A semi-truck rolled over on Interstate 5 near mile marker 10 south of Ashland around 10:50 a.m. Sunday, pinning the driver's arm and leg in the cab for about a half-hour and shutting the freeway down for over an hour.

The male driver, who had a tourniquet applied by a doctor who stopped to render assistance, was airlifted to Asante Rogue Regional Medical Center, though his condition and name were not released Sunday by Oregon State Police.

Motorists described the semi's brakes as being on fire before the accident, making it difficult for the driver to maneuver through the curves, according to Battalion Chief Matt Freiheit of Ashland Fire & Rescue.

"When the semi rolled, everything came to a grinding halt and people stopped to help the driver," Freiheit said.

Bystanders broke out the front window of the truck to render assistance until fire crews arrived.

At first, Freiheit thought it might be necessary to use an inflatable bag that lifts heavy objects to free the driver's arm and leg, but ultimately firefighters extricated the driver at 11:25 a.m. before the device was brought up the hill. Freiheit described the driver as being in his late 50s.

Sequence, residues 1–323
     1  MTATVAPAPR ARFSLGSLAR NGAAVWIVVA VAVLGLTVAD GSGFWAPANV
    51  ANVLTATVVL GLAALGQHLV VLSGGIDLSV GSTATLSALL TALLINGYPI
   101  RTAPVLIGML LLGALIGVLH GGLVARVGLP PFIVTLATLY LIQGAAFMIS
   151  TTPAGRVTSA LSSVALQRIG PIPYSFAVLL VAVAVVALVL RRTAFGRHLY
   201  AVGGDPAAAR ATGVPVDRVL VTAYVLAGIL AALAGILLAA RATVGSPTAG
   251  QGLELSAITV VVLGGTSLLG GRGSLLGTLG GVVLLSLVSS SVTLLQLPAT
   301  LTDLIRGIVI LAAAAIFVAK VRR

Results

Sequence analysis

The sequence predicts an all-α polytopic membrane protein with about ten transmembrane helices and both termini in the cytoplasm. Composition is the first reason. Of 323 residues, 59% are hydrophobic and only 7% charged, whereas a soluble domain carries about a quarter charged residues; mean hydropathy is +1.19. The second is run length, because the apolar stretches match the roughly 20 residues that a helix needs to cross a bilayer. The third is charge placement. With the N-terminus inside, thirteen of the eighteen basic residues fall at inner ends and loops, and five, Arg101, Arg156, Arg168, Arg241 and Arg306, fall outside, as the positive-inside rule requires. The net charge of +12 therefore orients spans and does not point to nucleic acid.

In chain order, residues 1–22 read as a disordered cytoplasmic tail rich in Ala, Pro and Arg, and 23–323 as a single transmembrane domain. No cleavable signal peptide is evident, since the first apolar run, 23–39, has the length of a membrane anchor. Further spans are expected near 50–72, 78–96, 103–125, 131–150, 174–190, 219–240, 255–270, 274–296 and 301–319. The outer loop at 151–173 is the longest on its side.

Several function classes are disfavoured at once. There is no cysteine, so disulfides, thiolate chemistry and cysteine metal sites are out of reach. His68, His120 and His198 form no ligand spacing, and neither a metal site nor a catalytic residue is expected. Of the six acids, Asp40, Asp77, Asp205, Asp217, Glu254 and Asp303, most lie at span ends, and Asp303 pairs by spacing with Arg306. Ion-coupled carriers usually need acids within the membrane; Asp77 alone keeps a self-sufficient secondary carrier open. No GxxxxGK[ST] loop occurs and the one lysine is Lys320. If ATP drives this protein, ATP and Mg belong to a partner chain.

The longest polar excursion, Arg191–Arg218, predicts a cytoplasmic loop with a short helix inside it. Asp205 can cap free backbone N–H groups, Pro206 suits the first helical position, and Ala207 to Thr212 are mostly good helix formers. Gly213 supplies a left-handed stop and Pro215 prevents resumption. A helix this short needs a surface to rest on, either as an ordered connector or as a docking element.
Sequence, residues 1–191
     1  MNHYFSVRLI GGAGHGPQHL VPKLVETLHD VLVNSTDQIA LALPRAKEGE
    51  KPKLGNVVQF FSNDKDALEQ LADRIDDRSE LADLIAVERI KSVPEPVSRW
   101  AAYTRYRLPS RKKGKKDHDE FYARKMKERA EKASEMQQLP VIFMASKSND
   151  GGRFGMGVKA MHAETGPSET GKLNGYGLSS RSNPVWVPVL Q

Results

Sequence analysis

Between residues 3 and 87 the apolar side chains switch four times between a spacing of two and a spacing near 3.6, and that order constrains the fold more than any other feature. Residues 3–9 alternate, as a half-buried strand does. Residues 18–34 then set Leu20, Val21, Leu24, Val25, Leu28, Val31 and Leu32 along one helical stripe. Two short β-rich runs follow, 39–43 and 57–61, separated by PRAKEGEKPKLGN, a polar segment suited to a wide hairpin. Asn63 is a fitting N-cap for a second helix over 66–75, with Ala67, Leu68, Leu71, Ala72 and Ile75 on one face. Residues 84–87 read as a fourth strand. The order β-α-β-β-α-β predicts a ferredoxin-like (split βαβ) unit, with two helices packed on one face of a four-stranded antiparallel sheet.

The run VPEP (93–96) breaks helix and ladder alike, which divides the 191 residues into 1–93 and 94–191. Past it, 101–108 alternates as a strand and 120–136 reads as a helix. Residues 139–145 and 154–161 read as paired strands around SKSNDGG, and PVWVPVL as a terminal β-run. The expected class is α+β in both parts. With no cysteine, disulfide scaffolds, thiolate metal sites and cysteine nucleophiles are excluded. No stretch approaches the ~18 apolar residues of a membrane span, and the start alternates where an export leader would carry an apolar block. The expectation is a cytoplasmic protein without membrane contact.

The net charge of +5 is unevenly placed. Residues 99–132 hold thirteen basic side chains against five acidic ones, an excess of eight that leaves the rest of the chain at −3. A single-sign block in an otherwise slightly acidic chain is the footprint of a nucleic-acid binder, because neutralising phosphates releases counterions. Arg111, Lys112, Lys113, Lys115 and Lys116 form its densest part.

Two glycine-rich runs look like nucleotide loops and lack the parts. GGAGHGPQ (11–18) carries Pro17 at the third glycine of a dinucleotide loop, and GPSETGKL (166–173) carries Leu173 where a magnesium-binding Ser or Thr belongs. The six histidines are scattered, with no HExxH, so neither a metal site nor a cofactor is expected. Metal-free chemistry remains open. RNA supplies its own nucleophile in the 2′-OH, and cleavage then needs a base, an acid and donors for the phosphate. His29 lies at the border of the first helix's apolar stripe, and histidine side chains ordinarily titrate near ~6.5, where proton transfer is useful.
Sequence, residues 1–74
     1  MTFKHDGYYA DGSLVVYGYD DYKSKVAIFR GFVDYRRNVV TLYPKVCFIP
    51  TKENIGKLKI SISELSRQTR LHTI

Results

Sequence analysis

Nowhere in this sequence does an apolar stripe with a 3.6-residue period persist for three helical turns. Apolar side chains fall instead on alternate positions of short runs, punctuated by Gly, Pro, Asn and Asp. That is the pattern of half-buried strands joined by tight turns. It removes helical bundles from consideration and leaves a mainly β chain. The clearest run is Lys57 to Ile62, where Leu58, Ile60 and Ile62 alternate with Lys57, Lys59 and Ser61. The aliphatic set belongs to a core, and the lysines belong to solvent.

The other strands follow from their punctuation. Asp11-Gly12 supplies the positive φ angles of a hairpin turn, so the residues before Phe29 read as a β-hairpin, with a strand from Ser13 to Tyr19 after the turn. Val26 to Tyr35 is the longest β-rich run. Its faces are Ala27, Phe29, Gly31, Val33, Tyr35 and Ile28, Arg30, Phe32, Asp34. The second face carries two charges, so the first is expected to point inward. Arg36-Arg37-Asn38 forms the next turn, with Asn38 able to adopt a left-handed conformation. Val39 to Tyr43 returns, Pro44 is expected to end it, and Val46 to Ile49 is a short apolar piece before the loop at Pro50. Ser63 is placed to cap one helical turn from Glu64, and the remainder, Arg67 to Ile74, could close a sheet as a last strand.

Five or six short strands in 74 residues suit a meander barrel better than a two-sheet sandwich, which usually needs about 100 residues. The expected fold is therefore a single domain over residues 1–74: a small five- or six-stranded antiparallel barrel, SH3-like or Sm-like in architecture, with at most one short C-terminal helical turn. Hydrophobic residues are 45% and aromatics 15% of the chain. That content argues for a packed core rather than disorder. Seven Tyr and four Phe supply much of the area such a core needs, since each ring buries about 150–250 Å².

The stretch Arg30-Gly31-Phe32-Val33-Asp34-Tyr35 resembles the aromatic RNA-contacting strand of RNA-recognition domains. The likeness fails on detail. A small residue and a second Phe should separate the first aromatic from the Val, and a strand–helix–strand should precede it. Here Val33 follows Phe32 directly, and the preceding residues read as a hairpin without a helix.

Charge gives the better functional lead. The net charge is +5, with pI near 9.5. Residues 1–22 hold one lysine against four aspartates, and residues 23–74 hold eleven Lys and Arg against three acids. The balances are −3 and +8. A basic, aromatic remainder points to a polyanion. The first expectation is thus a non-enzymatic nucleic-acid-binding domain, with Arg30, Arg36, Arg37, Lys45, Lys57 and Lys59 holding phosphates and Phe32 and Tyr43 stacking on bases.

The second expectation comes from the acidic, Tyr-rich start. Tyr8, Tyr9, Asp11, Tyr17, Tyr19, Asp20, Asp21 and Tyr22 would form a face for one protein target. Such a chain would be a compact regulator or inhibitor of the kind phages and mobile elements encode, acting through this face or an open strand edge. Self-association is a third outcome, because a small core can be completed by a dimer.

He said the first call came in at 10:53 a.m., and engines from both Ashland fire and Fire District No. 5 arrived at 11:03 a.m. Ashland fire sent an engine, a rescue vehicle and the battalion chief's vehicle, and Fire District No. 5 sent two engines.

The semi blocked two lanes of travel for about two hours and was lying on its side, the trailer ripped open. A small portion of the trailer straddled the divider between the northbound and southbound sides of the freeway. Once the trailer was pushed into the slow lane, vehicles were routed over to the fast lane on the northbound side.

Freiheit said the truck was filled with cleaning supplies, including Scrubbing Bubbles, which spilled over into the southbound lanes, also blocking traffic.

"Everything stopped," Freiheit said. "A lot of bystanders started clearing the cans out of the roadway."

No other vehicles were involved in the accident, possibly because other motorists noticed the semi was in trouble, Freiheit said.

One lane of northbound I-5 was still closed five hours after the accident Sunday, and ODOT warned drivers to expect major delays. Traffic was backed up more than four miles hours after the crash. Fuel and oil from the truck also spilled in the northbound lanes.

Freiheit said it sometimes takes until the next day to clear the freeway after a major accident.

Brake fires are a common occurrence as big trucks come down the Siskiyou Summit, the highest pass on Interstate 5.

"About two months ago, a truck parked near Rite Aid (in Ashland), and the brakes burst into flames," Freiheit said.

— Reach reporter Damian Mann at 541-776-4476 or dmann@mailtribune.com. Follow him on www.twitter.com/reporterdm.